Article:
Season: 1–6, Episodes: 98, Faction: Survivors/MIB
Sayid Hassan Jarrah (Arabic:سعيد جراح) was a middle section survivor of Oceanic Flight 815 and a former Iraqi Republican Guard torturer. A courageous man and a competent leader, Sayid maintained a conservative manner which reflected strength and spirituality.
Sayid spent much of his adult life searching for his love, Nadia, and trying to atone for his past. On the Island, his skills and leadership played a key role in his group’s survival. Sayid worked to find the source of a distress signal and met the woman who sent it out. He developed a relationship with Shannon, another survivor, and was devastated by her accidental death. Sayid proved very useful in the survivors’ fight against the Others, first interrogating one that they trapped and later helping Kate and Locke rescue Jack.
Sayid was one of the six who escaped the Island. He reunited with Nadia, but when a hit-and-run driver killed her, Sayid joined Ben as a hitman against Widmore to avenge her. Afterward, he did charity work in the Dominican Republic, but Ilana forced him aboard Ajira Airways Flight 316, returning him to the Island. Sayid found himself in 1977, where the DHARMA Initiative captured him, believing him a Hostile. He escaped and unsuccessfully tried to kill young Ben, whose father then shot him. After he returned to 2007, he died, but the Man in Black resurrected him and recruited him to his side. After this, Sayid lived in the Man in Black’s group in an almost blank state. After speaking with Desmond, he broke out of this state, and was later redeemed when he sacrificed himself aboard Widmore’s submarine, exploding while carrying the Man in Black’s bomb.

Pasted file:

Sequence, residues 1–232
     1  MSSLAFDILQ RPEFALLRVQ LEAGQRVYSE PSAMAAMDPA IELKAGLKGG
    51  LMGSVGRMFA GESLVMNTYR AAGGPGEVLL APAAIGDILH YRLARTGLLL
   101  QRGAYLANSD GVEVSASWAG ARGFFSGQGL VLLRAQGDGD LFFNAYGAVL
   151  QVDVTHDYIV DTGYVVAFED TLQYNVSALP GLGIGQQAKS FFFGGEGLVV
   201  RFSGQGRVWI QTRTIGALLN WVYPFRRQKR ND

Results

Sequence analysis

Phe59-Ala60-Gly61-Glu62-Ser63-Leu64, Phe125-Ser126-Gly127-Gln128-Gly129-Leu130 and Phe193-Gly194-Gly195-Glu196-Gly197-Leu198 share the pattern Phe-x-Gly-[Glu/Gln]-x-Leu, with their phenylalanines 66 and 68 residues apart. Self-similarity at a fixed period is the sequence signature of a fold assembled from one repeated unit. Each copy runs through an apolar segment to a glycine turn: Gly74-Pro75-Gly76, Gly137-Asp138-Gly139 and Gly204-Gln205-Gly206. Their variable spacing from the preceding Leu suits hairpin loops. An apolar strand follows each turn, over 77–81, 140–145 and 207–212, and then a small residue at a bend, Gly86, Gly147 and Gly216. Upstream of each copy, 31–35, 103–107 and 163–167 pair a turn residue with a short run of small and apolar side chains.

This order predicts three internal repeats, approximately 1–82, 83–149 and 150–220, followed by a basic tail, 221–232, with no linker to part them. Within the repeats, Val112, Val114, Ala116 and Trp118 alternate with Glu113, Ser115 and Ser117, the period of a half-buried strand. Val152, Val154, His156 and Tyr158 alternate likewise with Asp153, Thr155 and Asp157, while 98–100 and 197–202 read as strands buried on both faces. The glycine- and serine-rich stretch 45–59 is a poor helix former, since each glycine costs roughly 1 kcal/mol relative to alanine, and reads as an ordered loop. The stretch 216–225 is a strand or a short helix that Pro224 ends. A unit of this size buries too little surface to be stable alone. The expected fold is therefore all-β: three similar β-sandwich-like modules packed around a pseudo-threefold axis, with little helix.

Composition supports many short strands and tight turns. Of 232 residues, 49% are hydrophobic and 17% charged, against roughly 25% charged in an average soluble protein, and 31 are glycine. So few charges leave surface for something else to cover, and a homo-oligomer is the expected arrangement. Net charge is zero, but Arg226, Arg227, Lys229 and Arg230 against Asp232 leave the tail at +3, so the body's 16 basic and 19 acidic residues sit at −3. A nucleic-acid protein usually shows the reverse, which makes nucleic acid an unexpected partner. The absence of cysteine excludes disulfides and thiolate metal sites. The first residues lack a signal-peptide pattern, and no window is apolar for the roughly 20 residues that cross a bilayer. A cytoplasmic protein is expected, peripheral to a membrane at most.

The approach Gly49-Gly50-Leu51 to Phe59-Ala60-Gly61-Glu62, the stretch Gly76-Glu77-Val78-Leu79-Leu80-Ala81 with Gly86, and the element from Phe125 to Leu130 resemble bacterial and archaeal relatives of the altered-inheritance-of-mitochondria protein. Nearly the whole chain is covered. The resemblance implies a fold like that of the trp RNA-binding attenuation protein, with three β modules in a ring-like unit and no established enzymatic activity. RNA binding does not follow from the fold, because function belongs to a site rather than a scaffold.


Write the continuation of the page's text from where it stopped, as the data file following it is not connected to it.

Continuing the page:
In the flash-sideways, he was reunited with his island lover, Shannon Rutherford and along with their friends, they moved on.
1×09 – Solitary
Sayid Jarrah was born in 1967 in Tikrit, Iraq, the son of a celebrated Iraqi hero. While in school, a girl named Nadia from a wealthy family regularly pushed Sayid into the mud out of affection, but Sayid misunderstood her advances and ignored her. (“Solitary”)
5×10 – He’s Our You
Sayid once killed a chicken for his older brother, who hesitated when asked by their father to do so; Sayid’s father commented “At least one of my sons will be a man someday.” (“He’s Our You”)
After finishing school, Sayid attended Cairo University.
Sayid served as a Communications Officer in the Iraqi Republican Guard for 5 years. He learned crucial skills but engaged in morally questionable acts, including an as-yet unexplained incident in Basra.
2×14 – One of Them
U.S. forces captured Sayid’s base during Operation Desert Storm, when he was a mulazim awwal (1st lieutenant), equivalent to a U.S. major general. An American sergeant major assigned Sayid, the unit’s only English-speaker, to interrogate his own commanding officer.